She came to mind a few days back, a plain woman who walked with a no-nonsense gait in her practical brown oxfords. She and her husband came from Norway and farmed the fertile soil around DeKalb, Illinois. They attended the small Swedish Baptist church, where my Daddy served as the pastor. I was ten when I last saw them, just before we moved to Georgia to test out another branch of Baptists, the Southern kind.
One day Mama and I walked to the small JCPenny store in downtown DeKalb. It, like the Sears catalog and Woolworths, stocked dreams. We weren’t into buying much back then, just looking. But then we bumped into Mrs. M. Her arms held a gazillion dresses, sweaters and more, piled up to her eyeballs. She said a muffled ,”God dag.” Mama offered to help but you know sometimes it’s just easier to hold on and keep moving. So Mrs. M. said, “Takk.” Then waddled to the sales desk and dropped her bundle atop another stash she’d chosen earlier.
I couldn’t help but wonder what she’d do with all those clothes. She only wore a couple of plain outfits Sunday after Sunday. These were brightly colored fabrics, stylish clothes, unlike anything I’d ever seen her wear. Later I asked Mama about Mrs. M and those clothes. Mama said, “I’ll tell you a secret. They are not for her.” Well, I knew some weren’t since they had no children and some of the clothes would fit me. Then Mama said, ” Twice a year when there are sales, she comes here and shops. Mrs.M. loves to buy new clothes for the missionaries we support. She says they deserve the best, not used or things we no longer want or need.”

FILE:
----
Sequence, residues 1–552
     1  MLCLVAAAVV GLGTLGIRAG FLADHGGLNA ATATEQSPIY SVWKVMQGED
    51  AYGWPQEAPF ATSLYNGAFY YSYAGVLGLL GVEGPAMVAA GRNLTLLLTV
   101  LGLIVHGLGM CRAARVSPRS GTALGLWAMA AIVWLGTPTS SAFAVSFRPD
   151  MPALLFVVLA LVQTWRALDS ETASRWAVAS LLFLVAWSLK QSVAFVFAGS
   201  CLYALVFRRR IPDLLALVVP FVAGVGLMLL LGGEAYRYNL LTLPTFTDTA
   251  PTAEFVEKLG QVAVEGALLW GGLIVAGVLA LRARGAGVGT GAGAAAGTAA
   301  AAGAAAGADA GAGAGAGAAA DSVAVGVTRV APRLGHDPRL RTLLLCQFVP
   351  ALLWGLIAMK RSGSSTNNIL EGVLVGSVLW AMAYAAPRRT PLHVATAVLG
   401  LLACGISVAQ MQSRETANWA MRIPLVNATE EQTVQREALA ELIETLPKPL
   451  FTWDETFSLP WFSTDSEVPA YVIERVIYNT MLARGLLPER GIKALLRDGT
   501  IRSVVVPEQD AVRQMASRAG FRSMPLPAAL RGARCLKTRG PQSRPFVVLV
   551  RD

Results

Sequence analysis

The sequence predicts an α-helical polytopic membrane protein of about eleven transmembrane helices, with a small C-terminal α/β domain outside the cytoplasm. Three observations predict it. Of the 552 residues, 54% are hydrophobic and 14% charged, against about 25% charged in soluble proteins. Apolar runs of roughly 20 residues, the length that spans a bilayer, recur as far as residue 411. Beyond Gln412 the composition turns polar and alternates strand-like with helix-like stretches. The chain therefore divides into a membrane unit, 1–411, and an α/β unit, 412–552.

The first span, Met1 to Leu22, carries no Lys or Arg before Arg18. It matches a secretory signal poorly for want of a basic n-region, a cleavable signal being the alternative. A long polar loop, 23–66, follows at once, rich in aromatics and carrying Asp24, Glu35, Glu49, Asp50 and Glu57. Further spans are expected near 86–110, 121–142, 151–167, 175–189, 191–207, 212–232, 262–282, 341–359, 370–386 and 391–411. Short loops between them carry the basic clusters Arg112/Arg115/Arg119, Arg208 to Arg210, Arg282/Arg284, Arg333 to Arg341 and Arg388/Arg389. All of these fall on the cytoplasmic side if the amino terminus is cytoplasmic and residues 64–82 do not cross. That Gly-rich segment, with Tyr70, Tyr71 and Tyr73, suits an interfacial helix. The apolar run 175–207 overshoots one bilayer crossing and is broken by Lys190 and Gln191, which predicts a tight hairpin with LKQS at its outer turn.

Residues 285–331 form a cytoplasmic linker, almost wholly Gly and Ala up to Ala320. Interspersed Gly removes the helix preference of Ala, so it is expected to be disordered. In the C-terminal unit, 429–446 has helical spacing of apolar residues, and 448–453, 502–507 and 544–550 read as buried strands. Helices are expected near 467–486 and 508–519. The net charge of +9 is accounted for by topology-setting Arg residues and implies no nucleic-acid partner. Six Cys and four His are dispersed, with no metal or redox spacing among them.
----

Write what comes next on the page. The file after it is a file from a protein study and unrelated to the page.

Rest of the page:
Mama told me how she grew up with missionary barrels sent to them in Canada. I asked, thinking of Mrs. M’s stash, “Did it feel like Christmas when you saw all the clothes and surprises inside?” Mama laughed and said, “No! It was more like Halloween! I didn’t want to be caught dead in most of the used clothes that came our way.” But then she added, “Mama was big on gratitude. She saw each moth-eaten relic with possibilities. And late at night I heard her at the Singer treadle machine making something better out of nothing much.”
After we moved to Georgia, I watched Mama sew something beautiful out of feed sacks. Her Singer machine and creativity produced curtains, dresses, doll clothes and more. Mama reminded me often by words and actions that a thankful heart can produce possibilities out of impossibilities.
Well, wherever Mrs.M. is buried, her tombstone marks the beginning and ending years of her life. There’s that one small dash between the dates, representing her time on earth. Nothing remarkable to a passer by. A reminder like the old song says,”This world is not my home. I’m just a passin’ through.”
But now that I’m older, Mrs. M.’s life reminds me of lines from Middlemarch by George Eliot:
“…for the growing good of the world is partly dependent on unhistoric acts; and that things are not so ill with you and me as they might have been, is half owing to the number who lived faithfully a hidden life, and rest in unvisited tombs.”
Thank you, Mrs. M.
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